What’s in a Name?
Iremember the first time I heard Poco. It wasn’t too long after the Byrds recorded Sweetheart of the Rodeo, and Buffalo Springfield surprised us all. It was the Sixties, and I was on the road. The time-line might not hold up to strict history, but that’s way I remember it.
Someone called it Folk-Rock. That was okay with me, it dog-eared a page so I could find it again. I started listening for that sound. Mesa, from Wisconsin, came along, then Mason Profit showed up. Hearts and Flowers snuck onto the scene. Next thing you know there was The James Gang and The Pure Prairie League, and it was a groove we all could find.
Somewhere in there the Allman Brothers and Marshall Tucker spun off into Southern Rock, long before Lynyrd Skynyrd (back before Charlie Daniels went from pot smokin’ to flag wavin’), and Southern Rock was a decent description as well.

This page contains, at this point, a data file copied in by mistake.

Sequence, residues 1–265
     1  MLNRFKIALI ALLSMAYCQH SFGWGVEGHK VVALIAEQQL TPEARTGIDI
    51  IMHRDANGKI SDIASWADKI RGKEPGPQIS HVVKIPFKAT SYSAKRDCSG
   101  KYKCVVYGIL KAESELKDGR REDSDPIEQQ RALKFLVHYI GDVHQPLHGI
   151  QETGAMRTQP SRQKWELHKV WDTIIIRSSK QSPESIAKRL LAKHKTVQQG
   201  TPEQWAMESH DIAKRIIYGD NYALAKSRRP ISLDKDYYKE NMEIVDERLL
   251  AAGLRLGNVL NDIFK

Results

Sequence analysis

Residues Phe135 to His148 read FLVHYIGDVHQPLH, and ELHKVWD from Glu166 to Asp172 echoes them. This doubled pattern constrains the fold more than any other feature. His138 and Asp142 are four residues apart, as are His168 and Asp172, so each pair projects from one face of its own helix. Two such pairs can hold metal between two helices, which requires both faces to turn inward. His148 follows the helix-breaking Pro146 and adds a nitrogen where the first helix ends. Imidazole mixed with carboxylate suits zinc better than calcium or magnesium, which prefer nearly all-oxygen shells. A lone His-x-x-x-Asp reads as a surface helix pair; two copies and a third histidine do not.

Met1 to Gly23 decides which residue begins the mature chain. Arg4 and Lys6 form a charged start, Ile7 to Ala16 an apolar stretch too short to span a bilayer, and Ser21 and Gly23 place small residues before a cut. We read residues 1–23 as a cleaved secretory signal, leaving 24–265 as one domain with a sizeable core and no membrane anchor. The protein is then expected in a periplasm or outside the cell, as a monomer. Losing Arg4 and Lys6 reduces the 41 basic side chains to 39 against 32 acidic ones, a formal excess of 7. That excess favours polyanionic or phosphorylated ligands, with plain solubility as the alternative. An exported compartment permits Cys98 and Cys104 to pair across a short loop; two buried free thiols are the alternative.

That brings me to Americana.
Maybe the name is just to big, too vague. Maybe I just like to whine. Maybe, like the word it’s derived from, it’s too complex to describe what we write, what we play so that an audience can say, “Ah, that’s what I want to hear.”
And maybe it has unraveled like a cheap sweater to the point where I can’t remember what it once was.
My question is sincere, though it might sound like a complaint. I hope not. Are we in danger of categorizing ourselves out of existence?